Among the wines of Rocca Bernarda, Picolit stands out, a true pearl of Friuli.
The name of the wine and the grapes variety from which the term Picolit derives, seems to be attributable to the word “pecòl – picòl” that is “peduncle”, as it recalls the morphology of a bunch characterised by a reddish, large peduncle. The first historical mark of Picolit dates back to 1682 in a will that contains the sentence: “A small barrel of sweet Piccolit wine”, even if up to the eighteenth century it remained an unknown wine.
Rocca Bernarda took responsibility for the survival of Picolit, the pearl of Friulian wines. After having replanted the first shoots of Picolit at the end of the nineteenth century, in 1906 Giacomo Perusini wrote the essay “Il Picolit”, in which he wrote about clones, cultivation techniques and vinification of such a grape variety.
The modern resurrection of these grapes is therefore linked to Rocca Bernarda and the Perusini family in the early 1900s. Giacomo Perusini began by replanting the ancient vineyard of Picolit also trying to find a solution to the main problem of the vine: its low productivity. Giacomo Perusini’s son continued his father’s work and had the merit of reviving the fame of this wine thanks above all to a high-quality production that sensitised the enthusiasts and journalists of that time.
Picolit, which had achieved maximum popularity about a century earlier thanks to Count Asquini di Fagagna, thus found its place in the vineyards. Today the Picolit grapes are harvested by hand in the last days of October. For about a month they are placed on racks in ventilated rooms until the sugar concentration reaches the desired level. In this step the bunches are repeatedly subjected to manual selection in order to eliminate any mouldy or damaged grapes. After pressing, fermentation takes place slowly in small wooden barrels and ends spontaneously with the first winter colds, leaving a rather high sugar residue. A subsequent maturation step on the lees and bottling 18 months after harvest, favour the longevity of Picolit.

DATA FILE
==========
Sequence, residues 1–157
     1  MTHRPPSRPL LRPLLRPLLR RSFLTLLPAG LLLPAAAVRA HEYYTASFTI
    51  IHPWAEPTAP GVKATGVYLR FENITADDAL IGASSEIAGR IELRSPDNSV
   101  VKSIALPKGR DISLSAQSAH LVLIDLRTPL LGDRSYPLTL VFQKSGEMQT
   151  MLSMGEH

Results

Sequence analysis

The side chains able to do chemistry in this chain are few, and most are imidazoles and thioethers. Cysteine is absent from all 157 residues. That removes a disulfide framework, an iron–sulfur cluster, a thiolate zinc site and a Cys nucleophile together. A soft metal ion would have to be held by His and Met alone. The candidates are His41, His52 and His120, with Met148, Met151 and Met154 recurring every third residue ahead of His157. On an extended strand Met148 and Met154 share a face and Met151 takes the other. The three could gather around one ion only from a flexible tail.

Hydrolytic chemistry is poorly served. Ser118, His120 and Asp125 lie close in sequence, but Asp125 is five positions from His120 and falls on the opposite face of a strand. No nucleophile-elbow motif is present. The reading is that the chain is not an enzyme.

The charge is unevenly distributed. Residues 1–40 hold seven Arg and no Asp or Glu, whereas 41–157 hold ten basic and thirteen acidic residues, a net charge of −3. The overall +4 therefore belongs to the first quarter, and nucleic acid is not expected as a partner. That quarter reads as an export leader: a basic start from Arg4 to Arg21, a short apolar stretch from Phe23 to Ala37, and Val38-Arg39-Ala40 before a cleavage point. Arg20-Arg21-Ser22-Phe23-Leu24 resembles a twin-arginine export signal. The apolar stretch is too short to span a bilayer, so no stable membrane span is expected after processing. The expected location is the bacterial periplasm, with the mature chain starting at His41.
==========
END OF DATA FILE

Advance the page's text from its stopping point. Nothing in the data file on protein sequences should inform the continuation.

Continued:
Taking advantage of the commercial hub of Venice, the wine was sold in the main European cities and courts and also in Papal State. The operation was profitable thanks to the high added value of the wine (it was 29 times more expensive than the average of the common wine prices of the time), the good shelf life in space and time and the selected clientele: in 1785, Picolit reached a total of 4757 0.61 litre bottles sold. Already in the early 1800s, at the same time as Asquini’s death, Picolit had begun a slow decline even though it continued to be mentioned by various authors and found in the grape fairs of the time. In particular, the Tuscan botanist G. Gallesio inserts Picolit as the only Friulian grapes (Uva del Friuli or Piccolitto) in his essay “Pomona italiana ossia Trattato degli alberi fruttiferi” and refers to a production system similar to the “soleras” method used for the production of fortified wine such as Sherry and Malaga. In this regard, Luigi Veronelli in the first edition of “Vini d’Italia” wrote: “I don’t think there is a nobler wine in Italy than this … it could be the pride of all Italian oenology only if it were possible to stabilise its cultivation and vinification”.In recent years, the good work carried out by the farms in the countryside and in the cellar has led to the “Decree of 30 March 2006” with which the Ministry of Agricultural, Food and Forestry Policies recognised the DOCG designation of the “Colli Orientali del Friuli Picolit” wine and approved the relative production regulations.